Bay Area Drama (BAD) Company is a newly formed theater group in the San Francisco Bay Area. It boasts of thespians with great dramatic pedigree who have come together to form this new entity that will hopefully offer interesting and compelling fare to the local community. Their first production, Bhopal, premiered on the 3rd of December, 2014 at the Sunnyvale Community Center, exactly 30 years from the day it happened. There will be additional shows of Bhopal on 13th and 14th of December at Lohman Theater at the Foothills College campus in Los Altos, CA. Here is my spoiler-free review from the premiere show.

The Setting

The Sunnyvale Community Center is an intimate auditorium and suits a play like Bhopal to the T. It offers seating for a sizable audience without getting unwieldy. Every seat had an excellent view of the stage. The audio was excellent and overall, felt like a good place for the premiere event.

BAD Company's Bhopal

The event began shortly after 8 pm with a brief introduction about the real life event that was the Bhopal disaster and a very short note on the BAD Company. The stage itself was sparse but for the occasional table or chair brought in during different parts of the play. There was little to no background music but for the haunting vocals of Subhapriya Srivatsan, set to the lyrics of “Ek Zahreeli Hawa (A Poisoned Wind)” by the late Habib Tanvir. Subhapriya’s voice and Sharmi Mukherjee’s graceful moves sets the tone perfectly for the play and in the 2-3 times when Subhapriya reappears, her voice lends gravitas of the situation at hand. Kudos to the director for knowing when to have music and when not to distract from the dialogues.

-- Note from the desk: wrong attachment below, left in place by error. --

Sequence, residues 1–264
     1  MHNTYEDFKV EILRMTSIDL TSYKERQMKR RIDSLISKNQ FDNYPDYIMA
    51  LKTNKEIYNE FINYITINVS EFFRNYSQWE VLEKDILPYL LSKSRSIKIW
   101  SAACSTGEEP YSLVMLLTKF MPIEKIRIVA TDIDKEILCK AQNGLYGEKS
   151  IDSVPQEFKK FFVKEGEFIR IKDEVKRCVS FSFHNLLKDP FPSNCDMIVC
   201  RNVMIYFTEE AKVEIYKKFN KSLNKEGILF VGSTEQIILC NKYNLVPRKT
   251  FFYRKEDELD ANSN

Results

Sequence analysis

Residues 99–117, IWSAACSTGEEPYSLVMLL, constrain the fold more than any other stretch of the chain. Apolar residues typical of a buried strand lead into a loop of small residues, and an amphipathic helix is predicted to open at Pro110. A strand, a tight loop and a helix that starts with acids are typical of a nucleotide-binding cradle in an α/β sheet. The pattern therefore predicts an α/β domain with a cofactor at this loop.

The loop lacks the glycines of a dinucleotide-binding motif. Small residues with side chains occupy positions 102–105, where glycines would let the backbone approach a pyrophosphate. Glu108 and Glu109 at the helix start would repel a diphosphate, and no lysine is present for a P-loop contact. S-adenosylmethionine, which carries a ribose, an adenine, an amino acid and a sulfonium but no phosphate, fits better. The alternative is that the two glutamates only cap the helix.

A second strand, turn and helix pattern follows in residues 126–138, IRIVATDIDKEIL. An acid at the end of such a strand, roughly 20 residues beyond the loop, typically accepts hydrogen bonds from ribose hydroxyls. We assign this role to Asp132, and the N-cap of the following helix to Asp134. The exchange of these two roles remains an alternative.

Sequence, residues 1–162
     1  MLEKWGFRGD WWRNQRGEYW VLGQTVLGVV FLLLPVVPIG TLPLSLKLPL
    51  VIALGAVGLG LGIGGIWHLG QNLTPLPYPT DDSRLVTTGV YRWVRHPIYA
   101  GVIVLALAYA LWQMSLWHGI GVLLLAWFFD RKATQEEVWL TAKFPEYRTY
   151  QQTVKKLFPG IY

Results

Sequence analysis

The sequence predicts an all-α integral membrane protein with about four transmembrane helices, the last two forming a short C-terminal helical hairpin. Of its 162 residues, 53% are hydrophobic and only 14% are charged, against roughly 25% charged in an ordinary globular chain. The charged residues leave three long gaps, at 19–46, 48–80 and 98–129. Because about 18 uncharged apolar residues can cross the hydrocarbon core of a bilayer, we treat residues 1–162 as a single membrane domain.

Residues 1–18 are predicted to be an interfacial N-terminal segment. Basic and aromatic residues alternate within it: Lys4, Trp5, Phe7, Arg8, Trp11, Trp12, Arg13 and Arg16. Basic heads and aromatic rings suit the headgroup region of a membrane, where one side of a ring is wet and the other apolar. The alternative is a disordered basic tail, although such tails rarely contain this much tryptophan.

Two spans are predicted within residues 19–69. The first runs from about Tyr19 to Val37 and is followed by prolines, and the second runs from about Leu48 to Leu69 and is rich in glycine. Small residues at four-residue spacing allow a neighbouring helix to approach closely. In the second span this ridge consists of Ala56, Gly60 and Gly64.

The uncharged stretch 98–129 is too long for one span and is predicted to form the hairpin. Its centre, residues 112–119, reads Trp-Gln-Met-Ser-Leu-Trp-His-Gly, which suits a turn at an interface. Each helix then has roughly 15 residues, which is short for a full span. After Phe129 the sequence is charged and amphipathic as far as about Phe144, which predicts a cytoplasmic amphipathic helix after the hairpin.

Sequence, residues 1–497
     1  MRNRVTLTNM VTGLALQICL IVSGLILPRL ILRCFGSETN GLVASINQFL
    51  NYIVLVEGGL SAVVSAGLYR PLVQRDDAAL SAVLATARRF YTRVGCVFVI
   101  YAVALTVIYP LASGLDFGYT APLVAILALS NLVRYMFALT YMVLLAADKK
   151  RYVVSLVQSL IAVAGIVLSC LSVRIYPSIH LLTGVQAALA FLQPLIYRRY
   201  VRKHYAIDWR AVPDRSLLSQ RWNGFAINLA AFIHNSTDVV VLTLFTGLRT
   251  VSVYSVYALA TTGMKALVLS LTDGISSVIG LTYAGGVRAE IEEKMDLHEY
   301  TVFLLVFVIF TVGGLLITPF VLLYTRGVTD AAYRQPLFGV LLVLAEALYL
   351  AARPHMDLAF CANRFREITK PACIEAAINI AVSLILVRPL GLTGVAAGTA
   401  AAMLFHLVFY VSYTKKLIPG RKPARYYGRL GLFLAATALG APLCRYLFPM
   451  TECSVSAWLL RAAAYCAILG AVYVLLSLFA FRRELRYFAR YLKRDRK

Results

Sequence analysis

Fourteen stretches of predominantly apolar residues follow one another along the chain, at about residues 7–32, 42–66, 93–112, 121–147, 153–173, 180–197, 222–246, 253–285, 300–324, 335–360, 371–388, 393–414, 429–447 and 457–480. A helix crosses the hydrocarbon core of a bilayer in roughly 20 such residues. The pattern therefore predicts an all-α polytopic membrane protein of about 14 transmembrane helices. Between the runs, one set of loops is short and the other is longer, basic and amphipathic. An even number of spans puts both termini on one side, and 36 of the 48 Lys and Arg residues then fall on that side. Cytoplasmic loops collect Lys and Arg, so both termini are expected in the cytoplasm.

The Story

This play is not about the tragedy that happened on 2nd December. It is the story of the practical, occasionally selfish survivor, Izzat Bai. It is the story of the steadfast believer, the scorned and misled lover, Madiha Akram. It is the story of the NRI who had big dreams and an empty soul, Devraj Sarthi, CEO of Union Carbide India Limited. It is the story of the face in front of a multinational corporation, Warren Anderson. It is the story of the Doctor who knows too much and is repeatedly being silenced, Dr. Sonya Labonte. It is the story of the archetypal Indian politician who will sell his soul for money, Jaganlal Bhandari. And most important of all, it is the story of the 250,000 faceless people of Bhopal whose lives were irrevocably changed that fateful night.

The original script by Rahul Varma is brought to life by these characters, each of whom has a story of their own. Of ambition, of love, of power and of hope. The CEO who says, “Poverty is the biggest environmental hazard. ” goes onto to claim, “Carbide Thunder will roll out of their eyes. Like tears.” If only. If only.

BAD Company's Bhopal

From the early signs of a disaster in the making, to the pieces of the nightmarish puzzle coming together and hurtling towards destruction, the script is tight and the pace is rapid. As Warren Anderson proudly states, “Safety is our No.1 concern,” the viewer knows what is about to happen. And happen it does. The tragedy does not strike until after the first hour of the play. As soon as it arrives with a loud boom, disaster mitigation kicks in amidst death and chaos. And that is the ultimate irony of it all. When corruption and power blinded the eyes of politicians and officials even as bodies were piling up.